“In the rush to make Maryland look good on paper so we can say our suspension and expulsion rates are improving, we have overlooked the safety of our students and staff,” wrote Abby Beytin, president of the Teachers Association of Baltimore County, in an undated letter to MSDE.
“In short, the Board of Education feels that the draft Student Code of Conduct and the proposed regulations would make our schools less safe and less orderly,” wrote the Carroll County Board of Education in a letter dated Oct. 22, 2013.
The criticism wasn’t unanimous, however, with some educators asking for amendments but still being supportive overall. The Maryland Association of Boards of Education (MABE) agreed that there are problems with current zero tolerance policies. Additionally, they want to see reform in areas like continued educational services to all suspended or expelled students as well as a reduction in the “disproportionate impacts of student discipline policies on minority students.” Both are major goals of the state overhaul of the Student Code of Conduct.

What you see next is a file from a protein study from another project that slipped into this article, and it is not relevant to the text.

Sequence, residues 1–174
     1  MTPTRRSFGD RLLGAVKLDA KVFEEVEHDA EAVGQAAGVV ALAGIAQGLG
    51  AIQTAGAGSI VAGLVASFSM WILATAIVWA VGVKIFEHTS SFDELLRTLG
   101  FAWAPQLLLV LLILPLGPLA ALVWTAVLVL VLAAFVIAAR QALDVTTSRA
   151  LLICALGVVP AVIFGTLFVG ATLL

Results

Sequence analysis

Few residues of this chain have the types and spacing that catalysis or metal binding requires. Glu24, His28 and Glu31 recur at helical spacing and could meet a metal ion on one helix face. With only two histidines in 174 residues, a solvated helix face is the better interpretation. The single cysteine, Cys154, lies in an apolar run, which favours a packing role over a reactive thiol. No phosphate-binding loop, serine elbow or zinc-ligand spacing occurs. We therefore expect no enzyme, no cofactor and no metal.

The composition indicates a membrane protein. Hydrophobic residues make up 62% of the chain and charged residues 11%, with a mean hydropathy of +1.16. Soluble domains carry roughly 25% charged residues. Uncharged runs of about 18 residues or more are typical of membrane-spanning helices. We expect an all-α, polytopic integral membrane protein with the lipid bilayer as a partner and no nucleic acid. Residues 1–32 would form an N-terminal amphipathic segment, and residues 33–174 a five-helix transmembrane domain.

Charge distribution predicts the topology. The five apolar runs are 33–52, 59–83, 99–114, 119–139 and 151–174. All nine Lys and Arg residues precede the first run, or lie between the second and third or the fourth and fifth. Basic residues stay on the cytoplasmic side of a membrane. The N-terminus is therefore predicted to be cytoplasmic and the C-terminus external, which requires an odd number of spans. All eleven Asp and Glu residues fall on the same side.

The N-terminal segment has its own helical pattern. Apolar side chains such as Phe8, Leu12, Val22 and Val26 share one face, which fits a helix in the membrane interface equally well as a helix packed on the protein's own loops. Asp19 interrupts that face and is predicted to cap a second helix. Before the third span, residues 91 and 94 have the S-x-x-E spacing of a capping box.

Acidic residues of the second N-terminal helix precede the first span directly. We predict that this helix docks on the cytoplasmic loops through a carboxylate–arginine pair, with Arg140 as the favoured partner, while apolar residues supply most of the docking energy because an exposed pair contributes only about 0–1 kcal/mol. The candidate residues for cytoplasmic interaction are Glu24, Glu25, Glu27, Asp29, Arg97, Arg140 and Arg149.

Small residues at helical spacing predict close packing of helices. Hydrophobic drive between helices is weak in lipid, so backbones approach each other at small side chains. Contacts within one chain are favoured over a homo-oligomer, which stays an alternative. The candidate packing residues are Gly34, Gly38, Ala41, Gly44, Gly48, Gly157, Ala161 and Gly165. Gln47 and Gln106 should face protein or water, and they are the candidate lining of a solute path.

A letter dated Dec. 3, 2012 from the Montgomery Board of Education made a similar statement, endorsing the intent of the state initiative.
“We support the intent of these proposed changes,” wrote the board. “The seriousness of the infractions, the impact on students, and the effect on future conduct are important factors in applying a suspension, a discipline tool that is considered an excused absence.”
The state board will vote to pass the Student Code of Conduct on Jan. 28. If it passes, Wilson confirmed that the Worcester Board of Education will review the changes and amend the county rules to “reflect the intent of the regulations.”
Shockley, however, has already tentatively reached out to Worcester’s state representatives looking for support in opposing the new Student Code of Conduct.
“In my I email, I basically said that we may need legislative action on this to opt out,” he said.
More information and a list of all posted public comments can be found at www.marylandpublicschools.org/MSDE/stateboard under the “Student Discipline and Long Term Suspensions” tab.